It was more enhancing and bringing them to the market and letting people know that it was available. We had done a lot of work; we had room reservation systems, meaning you could go in and find a space and book a space using a tablet in the office.

We released a guest registration product so that at the front desk, somebody could come in and use a kiosk basically to register as a guest, sign whatever they need to sign. And then that would notify the person inside the office that their guest was waiting. We enhanced our overall kiosk product. So, tons and tons of just product enhancements and new things that people were asking for. And that started pretty much a year ago – last summer. And then that set us up for what was happening in March.

Interestingly, the vision that we had when we were doing the investment round – people asked what happens in a downside scenario, and it ended up actually happening. Our five-year vision happened in about five months, which was that if you really want to save money, you’re going to have to shrink your office footprint. You’re not going to cut technology investments that help you save those dollars, and that’s just what we found from every one of our enterprise customers.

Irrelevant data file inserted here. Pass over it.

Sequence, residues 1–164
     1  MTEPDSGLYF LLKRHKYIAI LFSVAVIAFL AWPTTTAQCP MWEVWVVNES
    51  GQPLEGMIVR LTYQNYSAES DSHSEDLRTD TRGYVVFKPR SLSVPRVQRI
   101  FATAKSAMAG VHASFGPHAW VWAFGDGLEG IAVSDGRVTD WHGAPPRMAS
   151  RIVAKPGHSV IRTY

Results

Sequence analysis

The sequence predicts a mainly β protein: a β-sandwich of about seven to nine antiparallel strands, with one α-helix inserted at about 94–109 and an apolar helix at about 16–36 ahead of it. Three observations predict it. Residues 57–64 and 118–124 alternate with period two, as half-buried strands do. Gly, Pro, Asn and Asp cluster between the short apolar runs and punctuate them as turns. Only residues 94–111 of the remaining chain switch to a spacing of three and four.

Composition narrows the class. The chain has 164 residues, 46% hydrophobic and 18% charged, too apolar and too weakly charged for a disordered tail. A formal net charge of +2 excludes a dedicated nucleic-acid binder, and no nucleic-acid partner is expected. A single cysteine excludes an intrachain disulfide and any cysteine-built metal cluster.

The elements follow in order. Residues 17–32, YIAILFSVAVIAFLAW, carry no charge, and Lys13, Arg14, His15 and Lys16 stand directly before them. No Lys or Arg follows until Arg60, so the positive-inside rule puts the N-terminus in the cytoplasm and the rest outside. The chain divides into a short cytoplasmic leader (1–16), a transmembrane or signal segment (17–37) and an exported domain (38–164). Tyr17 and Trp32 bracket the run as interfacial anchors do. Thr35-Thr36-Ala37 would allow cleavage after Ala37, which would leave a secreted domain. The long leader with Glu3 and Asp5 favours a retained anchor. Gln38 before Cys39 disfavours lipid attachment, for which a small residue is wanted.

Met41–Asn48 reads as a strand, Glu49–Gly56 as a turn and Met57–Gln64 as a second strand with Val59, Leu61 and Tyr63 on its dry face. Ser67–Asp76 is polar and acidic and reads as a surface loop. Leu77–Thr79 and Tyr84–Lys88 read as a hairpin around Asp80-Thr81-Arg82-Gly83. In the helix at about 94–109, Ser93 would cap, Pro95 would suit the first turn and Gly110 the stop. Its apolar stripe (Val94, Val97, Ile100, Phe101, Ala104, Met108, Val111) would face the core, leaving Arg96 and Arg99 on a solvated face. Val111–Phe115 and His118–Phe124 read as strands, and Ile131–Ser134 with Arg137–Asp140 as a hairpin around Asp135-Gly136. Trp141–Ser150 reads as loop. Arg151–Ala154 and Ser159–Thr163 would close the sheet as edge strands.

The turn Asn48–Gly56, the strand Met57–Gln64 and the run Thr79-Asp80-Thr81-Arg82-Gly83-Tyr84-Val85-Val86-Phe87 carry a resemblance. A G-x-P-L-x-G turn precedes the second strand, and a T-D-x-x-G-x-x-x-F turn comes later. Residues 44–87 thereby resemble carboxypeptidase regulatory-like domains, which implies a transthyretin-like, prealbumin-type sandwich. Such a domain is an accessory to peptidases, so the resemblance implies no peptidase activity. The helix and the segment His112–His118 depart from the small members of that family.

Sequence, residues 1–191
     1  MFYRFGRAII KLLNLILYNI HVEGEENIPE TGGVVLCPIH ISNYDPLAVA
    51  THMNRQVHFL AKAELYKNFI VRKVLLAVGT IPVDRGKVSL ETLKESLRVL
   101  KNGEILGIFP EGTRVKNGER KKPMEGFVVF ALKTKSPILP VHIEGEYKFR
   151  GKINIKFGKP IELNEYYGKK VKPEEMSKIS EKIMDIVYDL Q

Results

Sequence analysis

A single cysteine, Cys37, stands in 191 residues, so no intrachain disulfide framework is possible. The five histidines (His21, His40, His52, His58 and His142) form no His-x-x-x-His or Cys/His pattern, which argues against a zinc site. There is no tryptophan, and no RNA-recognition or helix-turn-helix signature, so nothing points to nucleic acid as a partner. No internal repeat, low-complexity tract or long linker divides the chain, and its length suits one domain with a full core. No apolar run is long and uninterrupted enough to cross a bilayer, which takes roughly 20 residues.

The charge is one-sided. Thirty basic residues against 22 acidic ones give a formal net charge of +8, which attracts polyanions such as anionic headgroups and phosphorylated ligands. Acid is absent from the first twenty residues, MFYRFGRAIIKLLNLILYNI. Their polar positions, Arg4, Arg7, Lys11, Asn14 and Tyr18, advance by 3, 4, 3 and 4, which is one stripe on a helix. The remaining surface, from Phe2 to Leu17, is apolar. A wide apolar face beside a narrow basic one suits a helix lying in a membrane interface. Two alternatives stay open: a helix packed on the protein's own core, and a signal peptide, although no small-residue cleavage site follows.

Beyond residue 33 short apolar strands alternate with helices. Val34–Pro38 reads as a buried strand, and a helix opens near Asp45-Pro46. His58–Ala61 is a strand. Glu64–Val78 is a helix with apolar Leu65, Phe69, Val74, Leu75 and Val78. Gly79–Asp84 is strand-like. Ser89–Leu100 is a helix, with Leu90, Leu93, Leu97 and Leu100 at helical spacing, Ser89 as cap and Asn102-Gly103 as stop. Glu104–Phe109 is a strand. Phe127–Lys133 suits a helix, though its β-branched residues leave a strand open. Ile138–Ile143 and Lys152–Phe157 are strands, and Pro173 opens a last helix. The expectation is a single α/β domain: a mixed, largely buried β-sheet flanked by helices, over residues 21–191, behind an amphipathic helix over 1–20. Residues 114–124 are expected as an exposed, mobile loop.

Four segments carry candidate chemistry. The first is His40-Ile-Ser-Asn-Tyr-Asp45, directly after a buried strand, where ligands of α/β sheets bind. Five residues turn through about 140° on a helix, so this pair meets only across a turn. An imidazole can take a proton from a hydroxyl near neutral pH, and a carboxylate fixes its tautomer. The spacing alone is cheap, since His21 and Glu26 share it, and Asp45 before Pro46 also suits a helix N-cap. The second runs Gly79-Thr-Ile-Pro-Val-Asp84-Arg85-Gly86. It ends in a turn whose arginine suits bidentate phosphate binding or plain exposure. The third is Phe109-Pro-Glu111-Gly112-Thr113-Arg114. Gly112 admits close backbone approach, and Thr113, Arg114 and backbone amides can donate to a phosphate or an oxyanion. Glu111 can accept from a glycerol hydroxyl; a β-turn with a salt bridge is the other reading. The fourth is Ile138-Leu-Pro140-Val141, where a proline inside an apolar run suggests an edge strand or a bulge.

They’re enabling this hybrid work environment, so a lot of the stuff we had been planning for – and it was almost a nice to have for our big customers – suddenly became a must-have in this new reality.

Can you talk about what that looks like more?

In this new work environment, you’ve got to know who’s coming into the office – and at what time. When COVID hit, they started asking us for more of the workplace management or space management tools. And we were able to get those in their hands within you know, one quarter.

So how else did you survive the pressures of COVID?

We quickly realized that companies still want to communicate, but they had a much more difficult problem because everybody was remote. So very easily, we transformed how you aggregate that content and publish that content and do that into Slack, into Microsoft Teams, into Webex Teams, and into SharePoint.

They could use the same workflow, the same tool, and the same department used to communicate on TVs. We just made it pretty simple for them to do that in the ways that people receive that information at home – on their phones and their laptops. It’s no longer just a single purpose of getting content on TVs – it was able to get that content wherever you were. So they were thrilled to hear that. That’s on the communication side.

That’s why we weren’t too worried about the fact that people weren’t in the office because we knew we could extend that reach to wherever they were. That was in the roadmap for a very long time. On the other side of the business, we never thought that the offices would be shut for good. What we thought would happen is people were going to need a plan to get back in the office and work safely and do this on the schedule that made sense for them. And that was going to require space management tools.

This interview has been edited for brevity and clarity.